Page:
How to Charge a Motorcycle Battery

man riding a motorbike

One thing that all vehicle owners will run into is a dead battery, so it’s important to know how to charge a motorcycle battery. It can be a hassle to try to start a motorcycle once the battery dies, but there are a few ways that you can get your bike up and running again.

Starting a motorcycle with a dead battery is definitely more of a challenge than starting a car with a dead battery. Luckily you can use a battery charger, jump-start the battery, or push-start your motorcycle. Any of these methods work well. The one that is best for you depends on what type of tools you have on hand and where you are when your battery dies.

Using a Battery Charger

The first method we’re going to take a look at is using a battery charger. This is an easy way to replenish your battery if you are at home or in a good spot to use a charger.

  1. Before you can decide which type of charger will work for your battery, you need to figure out what type of battery your motorcycle has. You can find this info by checking the manual for your bike. If you are not somewhere with access to your manual or you’ve lost it, you can also read the information printed on the battery to find out.
  2. Pick the correct charger based on the type of battery you have. You should be able to use a smart, float, or trickle charger on most types of batteries. If you have a lithium battery, these chargers should not be used but if you have a lead-acid, gel, or absorbed glass mat battery, any of these chargers will most likely work.
    • Trickle chargers are simple to use. They convert AC power to DC. Be sure to turn it off so it doesn’t overcharge the battery.
    • Float chargers provide a gentle and constant current to the battery. These are the most common style that you will find.
    • Smart chargers are more expensive but they work well. They monitor the progress and stop charging when the battery has finished filling up.
  3. If you have a lithium battery, you’ll need to get a charger made specifically for a lithium battery.
  4. Remove the battery carefully. If you have never removed the battery from your motorcycle, read the manual and follow the proper steps to avoid damage to the battery, bike, or both. In most cases you will remove the negative cable, then the positive. After that, you’ll detach it from any other point that it is connected to your bike.
  5. Connect the battery charger and let the battery charge. It is best to charge your battery in a well-ventilated area or outside.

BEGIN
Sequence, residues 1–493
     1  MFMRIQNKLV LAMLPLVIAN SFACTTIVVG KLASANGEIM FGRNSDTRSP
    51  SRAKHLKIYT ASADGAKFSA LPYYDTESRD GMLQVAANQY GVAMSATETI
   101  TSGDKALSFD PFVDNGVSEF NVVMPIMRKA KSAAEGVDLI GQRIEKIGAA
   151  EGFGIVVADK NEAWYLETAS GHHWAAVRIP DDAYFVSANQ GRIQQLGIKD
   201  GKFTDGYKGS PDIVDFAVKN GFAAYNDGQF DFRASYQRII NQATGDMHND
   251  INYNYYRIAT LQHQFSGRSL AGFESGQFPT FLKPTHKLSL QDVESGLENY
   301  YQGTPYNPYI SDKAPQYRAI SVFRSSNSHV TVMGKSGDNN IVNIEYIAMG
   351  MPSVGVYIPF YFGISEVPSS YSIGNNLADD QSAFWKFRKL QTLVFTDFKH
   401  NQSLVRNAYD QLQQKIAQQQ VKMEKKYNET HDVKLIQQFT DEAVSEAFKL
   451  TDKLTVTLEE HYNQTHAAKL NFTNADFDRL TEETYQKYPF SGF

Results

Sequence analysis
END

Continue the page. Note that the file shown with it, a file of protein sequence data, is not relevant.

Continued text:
6. Keep an eye on the battery so you do not overcharge, as this can damage the battery. You can use a multimeter to read the voltage. If you are using a smart charger, it will let you know when the battery is full.
  7. Replace the battery.

Jump-Starting

Another way you can replenish the battery enough to get your bike started is by utilizing a pair of jumper cables. You can jump-start the bike with a car or another motorcycle.

  1. When using a car to jump-start, make sure the car is off. If you are using a motorcycle, it should be running.
  2. On the dead bike, connect the red clamp to the positive and the black clamp to the frame of the bike. Be sure the red clamp is not touching any metal aside from the positive terminal on the battery.
  3. On the working battery, carefully attach the red clamp to the positive terminal. Make sure it does not touch anything else that is made from metal.
  4. Put the remaining black clamp on the negative terminal on the working battery. Be very careful and ensure the black clamp does not touch the red clamp at all.
  5. Start the dead motorcycle. If there is any energy left within the battery, it should start pretty quickly. If, after a few tries, it is still not starting, then the battery is probably drained completely. Let the bike run for a few minutes in order to warm up the engine.
  6. Disconnect the black cable from the working battery, then from the dead battery. Disconnect the red from the working battery, then from the dead battery.
  7. Let the bike that was jump-started run for a while. Ideally, you would drive it home and then you can turn it off. Alternatively, you can leave it on and drive it to a mechanic or to a store to buy a replacement battery.

Push Start

This method should only be used after you determine that it is definitely the battery and not the ignition kill switch, low fuel, or a number of other issues.

  1. There are two ways to go about this. If you have friends with you, they can help by pushing you. If you are by yourself, it is best to start at the top of an incline.
  2. Shift into 2nd or 3rd gear. 1st gear is not ideal because the bike could jerk forward and stop or it can cause the back tires to lock up. Both of these things can be dangerous.
  3. Sit on the bike and pull the clutch in and start rolling the bike. Either have your friends push you or you can move it on your own.
  4. Once you are moving at about 5mph, release the clutch. 5mph is a jogging pace.
  5. After your bike starts, switch to neutral and push the brakes. You should try to rev as much as possible and pump the throttle to keep the engine running.

Conclusion

When it comes to a motorcycle having a dead battery, there are a few easy ways you can get it up and running again. If you’re new to using motorcycles and don’t know how to charge a motorcycle battery, the processes are simple. Whether you push start, use a battery charger, or jump-start the bike, you’ll be on the road again in no time!